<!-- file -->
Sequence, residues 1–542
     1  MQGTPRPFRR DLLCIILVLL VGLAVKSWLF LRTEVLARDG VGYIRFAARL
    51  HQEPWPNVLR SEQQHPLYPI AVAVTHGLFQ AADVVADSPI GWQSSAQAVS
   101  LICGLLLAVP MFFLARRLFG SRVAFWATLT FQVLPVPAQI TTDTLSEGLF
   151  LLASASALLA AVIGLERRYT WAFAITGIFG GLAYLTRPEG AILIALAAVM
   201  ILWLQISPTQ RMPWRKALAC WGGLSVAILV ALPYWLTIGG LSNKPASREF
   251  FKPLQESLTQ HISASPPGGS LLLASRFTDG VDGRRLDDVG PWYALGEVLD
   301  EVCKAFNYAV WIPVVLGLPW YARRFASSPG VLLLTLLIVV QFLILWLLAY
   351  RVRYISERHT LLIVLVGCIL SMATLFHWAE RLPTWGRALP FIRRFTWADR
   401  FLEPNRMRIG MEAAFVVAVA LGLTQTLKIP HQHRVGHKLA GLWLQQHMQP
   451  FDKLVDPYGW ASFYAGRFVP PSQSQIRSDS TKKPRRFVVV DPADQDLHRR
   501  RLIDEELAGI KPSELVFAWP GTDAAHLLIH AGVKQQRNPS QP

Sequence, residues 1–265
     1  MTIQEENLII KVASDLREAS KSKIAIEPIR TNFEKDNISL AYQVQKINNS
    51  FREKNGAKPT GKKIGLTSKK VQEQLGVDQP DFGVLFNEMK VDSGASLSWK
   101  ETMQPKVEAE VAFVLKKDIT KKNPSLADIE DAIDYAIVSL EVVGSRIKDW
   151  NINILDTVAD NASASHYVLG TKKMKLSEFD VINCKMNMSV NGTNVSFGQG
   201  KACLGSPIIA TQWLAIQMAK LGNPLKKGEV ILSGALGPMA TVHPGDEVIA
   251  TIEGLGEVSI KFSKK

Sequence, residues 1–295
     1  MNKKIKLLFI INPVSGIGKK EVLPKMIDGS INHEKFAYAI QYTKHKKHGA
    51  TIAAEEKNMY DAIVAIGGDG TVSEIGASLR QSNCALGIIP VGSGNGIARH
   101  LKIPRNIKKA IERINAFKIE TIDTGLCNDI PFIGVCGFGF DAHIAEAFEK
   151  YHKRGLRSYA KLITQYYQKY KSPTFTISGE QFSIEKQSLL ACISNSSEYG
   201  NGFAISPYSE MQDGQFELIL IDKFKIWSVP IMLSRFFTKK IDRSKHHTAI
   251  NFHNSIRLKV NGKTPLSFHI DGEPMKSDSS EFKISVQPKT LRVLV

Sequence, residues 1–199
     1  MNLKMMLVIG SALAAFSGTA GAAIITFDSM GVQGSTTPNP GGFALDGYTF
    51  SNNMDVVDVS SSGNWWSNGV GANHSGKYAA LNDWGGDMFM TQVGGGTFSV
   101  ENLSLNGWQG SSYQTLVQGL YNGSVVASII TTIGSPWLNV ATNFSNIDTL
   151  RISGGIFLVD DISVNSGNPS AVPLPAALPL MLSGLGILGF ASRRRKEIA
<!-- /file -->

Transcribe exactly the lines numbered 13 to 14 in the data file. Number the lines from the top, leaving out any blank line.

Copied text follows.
Sequence, residues 1–265
     1  MTIQEENLII KVASDLREAS KSKIAIEPIR TNFEKDNISL AYQVQKINNS